The latest news from Bitdefender researcher Marius Tivadar – that a vulnerability in the way Windows handles NTFS file system image can trigger a blue screen of death – is not surprising. Fixes to blue screen errors in issues associated with NTFS.SYS have been released in the past.
Tivadar published his proof-of-concept (PoC) code on GitHub, in which he was able to execute the denial-of-service (DoS) attack by using a handcrafted NTFS image. The attack “can be driven from user mode, limited user account or Administrator,” wrote Tivadar. “It can even crash the system if it is in in locked state.”
Addressing the impact of the issue, Tivadar wrote, “Auto-play is activated by default, this leads to automatically crashing the system when usb is inserted. Even with auto-play disabled, system will crash when the file is accessed.”
The researcher reported that he strongly believed the behavior should be changed in large part because of the alarming discovery that an attacker could insert the USB stick and cause the system to crash while the computer is locked.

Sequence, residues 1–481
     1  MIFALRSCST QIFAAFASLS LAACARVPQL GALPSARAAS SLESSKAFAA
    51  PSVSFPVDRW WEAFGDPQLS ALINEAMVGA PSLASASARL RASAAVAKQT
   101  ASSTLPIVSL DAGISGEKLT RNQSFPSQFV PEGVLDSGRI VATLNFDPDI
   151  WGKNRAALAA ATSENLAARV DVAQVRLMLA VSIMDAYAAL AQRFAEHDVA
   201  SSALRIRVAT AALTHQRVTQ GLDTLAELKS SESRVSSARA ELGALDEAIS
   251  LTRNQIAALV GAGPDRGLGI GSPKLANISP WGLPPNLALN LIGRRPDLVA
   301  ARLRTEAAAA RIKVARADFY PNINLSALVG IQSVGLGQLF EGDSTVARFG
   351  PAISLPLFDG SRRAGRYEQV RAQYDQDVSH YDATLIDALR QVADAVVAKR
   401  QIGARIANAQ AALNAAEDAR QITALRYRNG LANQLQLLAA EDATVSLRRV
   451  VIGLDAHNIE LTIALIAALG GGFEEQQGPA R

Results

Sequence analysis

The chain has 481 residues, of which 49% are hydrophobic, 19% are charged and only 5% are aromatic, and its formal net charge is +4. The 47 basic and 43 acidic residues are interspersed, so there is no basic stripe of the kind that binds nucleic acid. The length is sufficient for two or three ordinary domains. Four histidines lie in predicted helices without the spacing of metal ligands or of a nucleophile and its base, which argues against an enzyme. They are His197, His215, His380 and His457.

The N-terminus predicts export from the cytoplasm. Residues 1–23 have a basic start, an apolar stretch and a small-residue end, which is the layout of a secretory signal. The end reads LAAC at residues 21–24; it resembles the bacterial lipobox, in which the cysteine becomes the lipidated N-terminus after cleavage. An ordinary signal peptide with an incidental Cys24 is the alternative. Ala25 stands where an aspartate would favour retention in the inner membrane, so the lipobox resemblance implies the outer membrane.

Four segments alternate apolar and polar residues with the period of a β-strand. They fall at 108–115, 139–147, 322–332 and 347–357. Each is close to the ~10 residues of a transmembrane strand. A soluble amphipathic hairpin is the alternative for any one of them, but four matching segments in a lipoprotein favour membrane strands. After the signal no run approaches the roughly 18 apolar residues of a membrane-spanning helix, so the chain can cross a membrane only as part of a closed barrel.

“Generally speaking, no driver should be loaded, no code should get executed when the system is locked and external peripherals are inserted into the machine,” Tivadar wrote.
Despite his plea, the final email response he received said, “Your report requires either physical access or social engineering, and as such, does not meet the bar for servicing down-level (issuing a security patch).”
At the time the vulnerability was disclosed, Microsoft said it did not want to assign a CVE to it, according to Tivadar. It did, however, write, “Your attempt to responsibly disclose a potential security issue is appreciated and we hope you continue to do so.” And apparently Microsoft has come around and is reported to have issued a fix for the Windows 10 vulnerability.